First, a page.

Example 2: Small movie clips are shown to introverted children about how other introverted children like them become social and have fun. The study found that soon thereafter those kids were likely to come out of their shell and become more boisterous and extrovert kids.
Liking: People tend to gravitate towards people they like. This is the primary reason why attractive people have many followers, who like and trust them more than others.We also like people who share similarities/commonalities with us, people who pay compliments to us, and people who work on the same team as us. Attraction is also created through association.
Example 1: A car salesman would send out a monthly greeting card to all his customers with a simple ‘I like you’ printed on the card. This was such an effective tactic because people liked him right back and would recommend their friends and associates to avail of the services of this wonderful salesman.
Example 2: Using an attractive and sexy model to sell your car. The customer then views the car as being more attractive and appealing than it actually is. The car begins to look more enticing just by virtue of being associated with a hot model.
Authority: A well-recognized authority figure commands compliance and wields tremendous influence on the thoughts, words and actions of the more common men. Title, status, dress, general bearing and personality all indicate importance and authority. Knowledge and trustworthiness also dictate how much authority you wield. Much more on this in the book How To Win Friends & Influence People.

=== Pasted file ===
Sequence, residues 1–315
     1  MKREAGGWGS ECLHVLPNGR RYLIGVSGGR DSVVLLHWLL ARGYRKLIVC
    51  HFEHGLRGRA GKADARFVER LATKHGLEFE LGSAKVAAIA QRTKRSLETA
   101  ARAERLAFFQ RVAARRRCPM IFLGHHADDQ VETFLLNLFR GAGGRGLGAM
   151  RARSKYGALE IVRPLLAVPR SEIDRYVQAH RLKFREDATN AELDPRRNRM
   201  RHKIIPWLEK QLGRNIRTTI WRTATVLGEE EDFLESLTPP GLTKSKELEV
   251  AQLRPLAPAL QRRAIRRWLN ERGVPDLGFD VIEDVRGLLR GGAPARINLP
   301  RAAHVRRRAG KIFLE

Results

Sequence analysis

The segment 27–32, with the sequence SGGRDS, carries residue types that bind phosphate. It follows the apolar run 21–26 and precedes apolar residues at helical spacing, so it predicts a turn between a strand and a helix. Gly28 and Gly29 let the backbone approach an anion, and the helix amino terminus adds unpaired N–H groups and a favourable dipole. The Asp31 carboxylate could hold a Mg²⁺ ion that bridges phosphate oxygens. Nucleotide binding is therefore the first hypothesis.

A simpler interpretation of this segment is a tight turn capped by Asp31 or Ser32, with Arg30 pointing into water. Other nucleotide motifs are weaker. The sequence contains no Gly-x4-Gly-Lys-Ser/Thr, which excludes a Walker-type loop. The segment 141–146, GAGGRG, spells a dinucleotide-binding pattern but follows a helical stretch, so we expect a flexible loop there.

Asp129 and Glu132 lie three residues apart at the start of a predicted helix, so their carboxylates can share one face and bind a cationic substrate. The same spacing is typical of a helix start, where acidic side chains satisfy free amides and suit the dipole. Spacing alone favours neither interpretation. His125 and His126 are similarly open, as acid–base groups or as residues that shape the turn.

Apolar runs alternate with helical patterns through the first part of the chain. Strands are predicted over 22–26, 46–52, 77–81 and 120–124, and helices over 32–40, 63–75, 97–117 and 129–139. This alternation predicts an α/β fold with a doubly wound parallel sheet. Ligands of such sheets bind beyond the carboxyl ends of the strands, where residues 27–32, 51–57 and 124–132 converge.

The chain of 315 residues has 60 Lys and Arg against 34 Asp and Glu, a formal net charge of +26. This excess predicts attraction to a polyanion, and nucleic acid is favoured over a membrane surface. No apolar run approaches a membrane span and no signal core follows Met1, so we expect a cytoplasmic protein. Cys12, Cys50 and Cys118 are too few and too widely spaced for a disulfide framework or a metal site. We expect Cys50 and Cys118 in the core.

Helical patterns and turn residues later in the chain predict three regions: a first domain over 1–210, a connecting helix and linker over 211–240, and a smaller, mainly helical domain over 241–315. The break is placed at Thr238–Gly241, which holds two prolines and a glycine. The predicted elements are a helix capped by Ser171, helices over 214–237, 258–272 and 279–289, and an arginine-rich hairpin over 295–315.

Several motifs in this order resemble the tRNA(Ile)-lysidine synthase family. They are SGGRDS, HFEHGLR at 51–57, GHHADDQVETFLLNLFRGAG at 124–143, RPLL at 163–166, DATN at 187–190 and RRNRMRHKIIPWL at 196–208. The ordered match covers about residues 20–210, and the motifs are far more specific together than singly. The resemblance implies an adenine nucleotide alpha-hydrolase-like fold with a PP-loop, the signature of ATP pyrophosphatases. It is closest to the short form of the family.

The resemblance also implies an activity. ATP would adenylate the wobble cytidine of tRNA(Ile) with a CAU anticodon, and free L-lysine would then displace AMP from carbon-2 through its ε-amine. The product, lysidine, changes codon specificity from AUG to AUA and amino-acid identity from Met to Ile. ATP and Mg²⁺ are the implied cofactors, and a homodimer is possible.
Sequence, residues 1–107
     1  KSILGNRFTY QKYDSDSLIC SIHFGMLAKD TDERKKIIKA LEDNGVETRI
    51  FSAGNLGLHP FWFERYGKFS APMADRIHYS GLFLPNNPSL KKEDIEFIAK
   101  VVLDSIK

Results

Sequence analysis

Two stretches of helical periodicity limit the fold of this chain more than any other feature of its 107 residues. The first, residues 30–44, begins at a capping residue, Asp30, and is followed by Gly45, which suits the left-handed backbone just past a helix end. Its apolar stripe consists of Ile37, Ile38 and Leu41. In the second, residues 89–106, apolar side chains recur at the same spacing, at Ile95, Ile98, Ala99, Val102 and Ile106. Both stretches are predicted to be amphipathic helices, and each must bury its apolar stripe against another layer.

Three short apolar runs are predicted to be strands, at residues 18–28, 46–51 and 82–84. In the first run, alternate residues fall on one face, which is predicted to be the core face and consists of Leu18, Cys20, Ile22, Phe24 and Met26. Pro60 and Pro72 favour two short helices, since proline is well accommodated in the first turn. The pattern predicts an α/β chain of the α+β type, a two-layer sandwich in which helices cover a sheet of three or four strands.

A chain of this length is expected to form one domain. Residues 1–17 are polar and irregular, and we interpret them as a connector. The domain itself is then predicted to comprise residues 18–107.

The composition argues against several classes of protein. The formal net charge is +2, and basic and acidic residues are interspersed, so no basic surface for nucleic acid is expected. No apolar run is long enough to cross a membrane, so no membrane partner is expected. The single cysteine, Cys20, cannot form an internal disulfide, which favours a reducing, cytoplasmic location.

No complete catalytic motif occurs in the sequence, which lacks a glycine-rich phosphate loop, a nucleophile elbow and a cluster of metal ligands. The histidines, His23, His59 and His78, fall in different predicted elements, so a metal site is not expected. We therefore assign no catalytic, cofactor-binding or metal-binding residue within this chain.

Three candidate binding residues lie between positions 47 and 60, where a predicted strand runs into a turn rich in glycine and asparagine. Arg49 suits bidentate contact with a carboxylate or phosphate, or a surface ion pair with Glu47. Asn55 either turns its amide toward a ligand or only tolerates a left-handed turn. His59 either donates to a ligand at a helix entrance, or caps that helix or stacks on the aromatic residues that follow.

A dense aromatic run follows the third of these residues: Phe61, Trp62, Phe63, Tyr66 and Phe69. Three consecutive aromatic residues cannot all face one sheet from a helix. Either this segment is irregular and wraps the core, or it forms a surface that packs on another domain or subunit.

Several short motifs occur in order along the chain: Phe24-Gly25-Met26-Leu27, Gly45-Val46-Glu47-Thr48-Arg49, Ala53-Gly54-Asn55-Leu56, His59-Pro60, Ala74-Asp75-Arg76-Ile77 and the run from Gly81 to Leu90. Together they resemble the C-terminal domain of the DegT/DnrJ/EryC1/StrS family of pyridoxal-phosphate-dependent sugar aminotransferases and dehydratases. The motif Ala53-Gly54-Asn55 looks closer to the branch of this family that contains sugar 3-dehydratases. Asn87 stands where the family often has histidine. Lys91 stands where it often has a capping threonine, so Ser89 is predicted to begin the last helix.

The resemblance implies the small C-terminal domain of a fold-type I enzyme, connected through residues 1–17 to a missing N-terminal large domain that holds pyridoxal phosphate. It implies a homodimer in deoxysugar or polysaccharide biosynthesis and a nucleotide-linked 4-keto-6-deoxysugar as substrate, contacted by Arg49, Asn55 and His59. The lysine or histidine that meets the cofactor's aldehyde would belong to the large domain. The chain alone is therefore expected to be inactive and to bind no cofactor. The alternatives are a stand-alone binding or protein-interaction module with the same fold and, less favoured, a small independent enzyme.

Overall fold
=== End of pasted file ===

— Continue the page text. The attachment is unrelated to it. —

Scarcity: Scarce or hard to get things are often considered more valuable. When we perceive scarcity, demand increases. Scarcity increases value, desirability and enables swift decision making in order to procure the scarce commodity. Some other lovely examples of this can be found in the book Alchemy.
Example 1: When products are advertised with a ‘limited period offer’ there is a scramble to buy them before the offer expires.
Example 2: When a person seeking to sell a car, calls 4 prospective buyers at the same time to evaluate and assess the car, he is more likely to sell the car swiftly. The fact that the car may be grabbed by the others compels one to make a quicker and bigger bid to acquire the car.
This book is really dense, valuable and requires more than just a surface reading. It will have you thinking about the psychology of persuasion and how best to apply it in your business to influence customer behavior and customer buying behavior. This is definitely one of those books that you will rabbit-ear, underline, highlight and reference back, when writing emails or devising customer strategies. Another interesting book on influencing a company's strategy is Return On Courage.
Dr Robert Cialdini has spent his entire career researching the science of influence earning him an international reputation as an expert in the fields of persuasion, compliance, and negotiation. He is frequently regarded as the “Godfather of influence.”
His books including, Influence: Science & Practice, are the result of decades of peer-reviewed research on why people comply with requests. Influence has sold over 3 million copies in over 30 languages and is a New York Times Bestseller.
His new book, Pre-Suasion: A Revolutionary Way to Influence and Persuade, published by Simon & Schuster, quickly became a Wall Street Journal and a New York Times Bestseller.
Dr Cialdini is CEO and President of INFLUENCE AT WORK; focusing on ethical influence training, corporate keynote programs, and the CMCT (Cialdini Method Certified Trainer) program.
His clients include such several MNC’s like Google, Microsoft, Cisco Systems, Bayer, Coca Cola, KPMG,Kodak, Merrill Lynch, Pfizer, IBM, the United States Department of Justice, NATO, and more.